What’s Your Courage Muscle and How Do You Build It?
These three uplifting quotes will help you understand the courage muscle and self confidence concept.
Courage is like a muscle strengthened by its use. Ruth Gordon
Courage is simply the willingness to be afraid and act anyway. Dr. Robert Anthony
Courage is going from failure to failure without losing enthusiasm. Winston Churchill
The more people I coach and work with the more important I find it to learn how to build your own courage muscle so that you can create the kind of satisfying work and life you really want instead of living how you think others want you to live.
Every day in life we have the opportunity to live by choosing what we want. Unfortunately many individuals unconsciously accept and potentially regret what you are given because you don’t have conscious clarity.
Right now you may be wondering “where is she going with this?” Stick with me for a couple minutes and you’ll discover what it means to have the conscious clarity you need to build your courage muscle and self confidence.
Having a young son I quickly discovered how some kids live in the moment and expand like a blooming flower and how others are significantly more reserve waiting to be told or given permission to bloom like their counterparts. I often wonder if this difference is innate or if it is developed through experience?
For example, my son participated in his school Talent’s Show. Children were able to choose if they wanted to be on stage. Those who said yes had between 60 seconds to 75 seconds depending upon their K-5 grade level. They could also choose to stand up there solo or with classmates. They had freedom to choose what they wanted to do as their talent.
Talents ranged from solo acoustic singing both in tune and not, to a young boy showing off his “frog jumps” across the stage, to skits, which is what my son and three friends co-created and performed. These children stood on stage in front of 200 to 500 people depending upon the time of night they performed. That takes courage I thought to both just get up there as well as to be afraid and perform which you could tell some definitely where.
Questions About Your Courage Muscle & Self Confidence
- Why do some of these kids feel the freedom to perform and others do not?
- Why do some of these kids feel the freedom to perform solo and others do not?
- What kind of courage does it take to be on that stage?
- What type of courage does it take to perform even when you are afraid?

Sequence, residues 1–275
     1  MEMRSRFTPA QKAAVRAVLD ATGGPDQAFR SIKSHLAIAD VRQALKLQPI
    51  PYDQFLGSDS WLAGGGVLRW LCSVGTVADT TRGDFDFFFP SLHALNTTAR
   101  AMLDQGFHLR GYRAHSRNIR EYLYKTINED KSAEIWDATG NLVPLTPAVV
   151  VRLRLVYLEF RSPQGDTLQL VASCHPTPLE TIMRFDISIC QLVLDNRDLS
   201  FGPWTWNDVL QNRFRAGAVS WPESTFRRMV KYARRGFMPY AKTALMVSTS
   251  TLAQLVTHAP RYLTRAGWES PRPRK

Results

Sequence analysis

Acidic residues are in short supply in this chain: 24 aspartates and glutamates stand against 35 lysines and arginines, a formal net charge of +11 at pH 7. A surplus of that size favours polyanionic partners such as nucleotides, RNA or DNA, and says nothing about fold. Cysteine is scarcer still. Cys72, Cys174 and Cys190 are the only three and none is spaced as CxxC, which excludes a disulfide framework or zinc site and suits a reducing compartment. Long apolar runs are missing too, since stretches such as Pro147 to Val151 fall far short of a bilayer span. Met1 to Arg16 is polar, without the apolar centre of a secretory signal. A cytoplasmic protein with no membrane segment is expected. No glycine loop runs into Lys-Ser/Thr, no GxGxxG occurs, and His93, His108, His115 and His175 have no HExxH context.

- What type of courage does it take to sing off key or miss multiple notes on the piano in front of hundreds of people? – some people would say they failed because it wasn’t perfect – is it really a failure?
Each child post performance would stand there on that stage – “naked as a jaybird” so to speak and “vulnerable as a newborn” – and I surmise it was in the crowds hands to choose to laugh, sit in silence, sing along and ultimately applaud each child. What I saw with each applaud was a soul filled and a smile on each face as if it was their own courage muscle seal of self approval.
I also wondered, why although all had the same opportunity did some of the kids choose to sit in the audience watching their peers instead of performing?
I think that at some point you shift – if may be conscious or it may not, but you shift. Maybe it’s because you haven’t used your courage muscle in a while and your courage muscle bank account is empty or even perhaps overdrawn. At that point you are more concerned about the outside’s view of you – what others say instead of being more focused and influenced on what you think about and want for yourself you are focused on the outside looking in. This is when you most need to exercise your courage muscle and consciously choose to take actions, exercise it, and fill up your reserves.
I know that my son is more introvert than extrovert, and it takes him flexing his courage muscle to say yes. Hence he performed with a small crowd of three friends. Yet, he’s still got enough internal confidence and courage to want to stand on that stage and perform and stand there in the moments of post performance silently waiting for the outside approval of others. Then it happens, the applause.
I saw his face and the other performers light up as they took in this public acknowledgement. The conscious choice to perform itself is really what builds his courage muscle just like it does for each child on stage. The applause is the icing on the cake and I’m sure tastes delicious.
I dare you to take one action each day, whether big or small that gives you the opportunity to build your own courage muscle and self confidence.
What are you willing to do that perhaps you’re a bit afraid to do – but because you read this will do it anyway?